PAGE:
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Pirates are preparing for Hokies’ best shot
GREENVILLE, N.C. | Under normal circumstances, playing Virginia Tech is usually difficult enough to concern Skip Holtz.
But the East Carolina coach expects even more urgency from the 22nd-ranked - and increasingly desperate - Hokies when the teams meet Thursday night.
The Hokies are clinging to a national ranking after two straight losses, trying to avoid their first three-game losing streak since 2003 and visiting a team that knocked them off last year.
Naturally, the Pirates expect their full attention.
“This football team will bounce back,” Holtz said.
He just hopes to delay that comeback for another week and deliver East Carolina another program-validating victory over one of college football’s elites. There are plenty of reasons why this might qualify as a tricky situation for the Hokies (5-3), who are taking a break from the ACC schedule to make a rare visit to Greenville.
Their confidence might be shaken after consecutive losses to No. 10 Georgia Tech and North Carolina. And last year’s 27-22 victory by the Pirates (5-3) - won by a blocked punt returned for a score in the closing minutes - has made them believe they can beat Virginia Tech again.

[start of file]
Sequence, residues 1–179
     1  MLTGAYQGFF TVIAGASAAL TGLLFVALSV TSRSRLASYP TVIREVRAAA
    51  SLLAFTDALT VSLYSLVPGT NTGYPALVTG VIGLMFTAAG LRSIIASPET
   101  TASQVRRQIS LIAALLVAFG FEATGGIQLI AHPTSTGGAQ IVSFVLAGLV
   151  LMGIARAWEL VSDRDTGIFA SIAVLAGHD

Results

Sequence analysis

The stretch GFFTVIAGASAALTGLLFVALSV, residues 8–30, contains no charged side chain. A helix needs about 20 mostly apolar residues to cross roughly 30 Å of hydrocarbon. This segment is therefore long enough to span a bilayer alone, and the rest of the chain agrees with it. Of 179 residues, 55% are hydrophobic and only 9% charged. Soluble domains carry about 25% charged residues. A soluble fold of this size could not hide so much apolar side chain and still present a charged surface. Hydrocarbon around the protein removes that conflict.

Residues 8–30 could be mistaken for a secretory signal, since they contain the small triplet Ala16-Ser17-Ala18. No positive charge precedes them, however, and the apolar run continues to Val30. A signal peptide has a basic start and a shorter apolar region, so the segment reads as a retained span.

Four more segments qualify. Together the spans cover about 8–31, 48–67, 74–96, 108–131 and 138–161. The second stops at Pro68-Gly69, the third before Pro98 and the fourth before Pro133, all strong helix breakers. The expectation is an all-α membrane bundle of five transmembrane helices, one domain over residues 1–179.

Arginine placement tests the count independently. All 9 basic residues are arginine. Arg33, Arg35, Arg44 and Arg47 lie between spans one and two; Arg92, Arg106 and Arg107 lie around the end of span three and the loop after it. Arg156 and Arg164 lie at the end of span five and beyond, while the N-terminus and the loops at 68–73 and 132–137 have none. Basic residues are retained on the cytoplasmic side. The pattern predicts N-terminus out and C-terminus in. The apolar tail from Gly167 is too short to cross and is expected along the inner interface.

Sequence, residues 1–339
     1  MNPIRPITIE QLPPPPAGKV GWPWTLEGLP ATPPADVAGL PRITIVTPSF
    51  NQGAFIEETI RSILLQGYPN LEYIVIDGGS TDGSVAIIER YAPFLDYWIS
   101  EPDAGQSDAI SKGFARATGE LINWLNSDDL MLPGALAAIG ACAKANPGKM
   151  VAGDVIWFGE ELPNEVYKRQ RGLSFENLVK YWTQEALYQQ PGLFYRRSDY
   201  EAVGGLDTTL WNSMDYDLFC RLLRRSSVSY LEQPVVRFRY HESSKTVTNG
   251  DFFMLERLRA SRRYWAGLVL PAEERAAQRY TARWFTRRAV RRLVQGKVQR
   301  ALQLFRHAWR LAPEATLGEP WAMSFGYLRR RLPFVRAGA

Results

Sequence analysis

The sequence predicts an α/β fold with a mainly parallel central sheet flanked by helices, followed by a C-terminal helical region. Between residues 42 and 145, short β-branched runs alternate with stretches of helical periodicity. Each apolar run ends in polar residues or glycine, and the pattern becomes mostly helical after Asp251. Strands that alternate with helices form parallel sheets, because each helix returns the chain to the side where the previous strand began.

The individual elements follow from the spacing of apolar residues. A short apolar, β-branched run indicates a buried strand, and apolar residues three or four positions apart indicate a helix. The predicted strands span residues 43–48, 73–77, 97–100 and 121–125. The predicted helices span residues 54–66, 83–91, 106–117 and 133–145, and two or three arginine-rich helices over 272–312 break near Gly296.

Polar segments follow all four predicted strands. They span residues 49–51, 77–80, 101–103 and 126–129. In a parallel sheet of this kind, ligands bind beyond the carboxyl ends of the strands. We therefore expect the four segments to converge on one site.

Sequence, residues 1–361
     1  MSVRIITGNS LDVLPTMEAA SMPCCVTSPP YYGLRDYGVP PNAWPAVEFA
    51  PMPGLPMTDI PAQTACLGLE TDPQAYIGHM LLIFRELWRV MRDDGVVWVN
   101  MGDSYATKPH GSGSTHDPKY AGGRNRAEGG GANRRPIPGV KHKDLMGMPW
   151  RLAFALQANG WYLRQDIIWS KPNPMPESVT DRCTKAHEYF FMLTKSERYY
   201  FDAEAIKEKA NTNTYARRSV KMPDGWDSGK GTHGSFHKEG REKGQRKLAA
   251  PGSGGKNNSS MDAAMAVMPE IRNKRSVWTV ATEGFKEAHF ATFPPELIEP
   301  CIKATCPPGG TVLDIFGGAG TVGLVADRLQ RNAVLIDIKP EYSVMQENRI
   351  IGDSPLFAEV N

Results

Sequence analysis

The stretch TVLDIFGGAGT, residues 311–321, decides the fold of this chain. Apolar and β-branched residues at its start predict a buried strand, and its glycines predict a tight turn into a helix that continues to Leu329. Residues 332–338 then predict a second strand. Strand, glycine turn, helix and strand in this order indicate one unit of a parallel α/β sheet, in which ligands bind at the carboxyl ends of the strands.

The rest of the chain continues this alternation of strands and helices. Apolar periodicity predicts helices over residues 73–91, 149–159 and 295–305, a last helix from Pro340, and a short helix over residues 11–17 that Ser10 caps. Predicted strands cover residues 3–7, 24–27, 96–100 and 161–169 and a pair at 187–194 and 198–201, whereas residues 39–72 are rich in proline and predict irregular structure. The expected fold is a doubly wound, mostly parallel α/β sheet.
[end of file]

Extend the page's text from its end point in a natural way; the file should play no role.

“We had a tough loss, but I think what we are playing for is pride in each other and pride in the football team, and we just have to go out and try to get a win,” Virginia Tech coach Frank Beamer said.
That will be much easier if the Hokies can hit a few big plays against an East Carolina defense that is susceptible to them. Ten of Virginia Tech’s touchdowns have come on plays covering at least 30 yards. The Pirates have allowed at least one scoring pass of at least 40 yards in five of their seven games against Bowl Subdivision teams. In their past three games, they have allowed TD tosses of 43, 80 and 96 yards.
“We cannot give up the home run ball,” Holtz said. “I’d like to play one game where we don’t give up a 30-, 40-yard play for a touchdown. … We can’t win a track meet. We’re going to have to win a baseball score. We’re going to have to win a low-scoring game because we’re not going to be able - no one is able - to turn and just take that ball and move it up the field on them.”
North Carolina showed last week that it’s possible to find cracks in the traditionally tough Virginia Tech defense. The Tar Heels responded to their only deficit by going 78 yards in 16 plays and kicking a game-tying field goal with less than three minutes left. A critical fumble by freshman Ryan Williams moments later gave North Carolina the ball back with plenty of time to kick a winning field goal on the final play.
“You have to move forward, and we have such a tough opponent coming up,” Beamer said. “It doesn’t take long for you to figure out you had better forget about North Carolina and start thinking about East Carolina because this crowd can play.”
This marks the Pirates’ first home game against a ranked team since they knocked off then-No. 8 West Virginia last September, the last in a run of three straight victories against Top 25 opponents. The Hokies come to town for the first time since the Michael Vick-led group claimed a 45-28 rout in 2000.
“It’s going to be a great environment,” Holtz said. “It’s going to be a great challenge for our football program.”
By John R. Bolton
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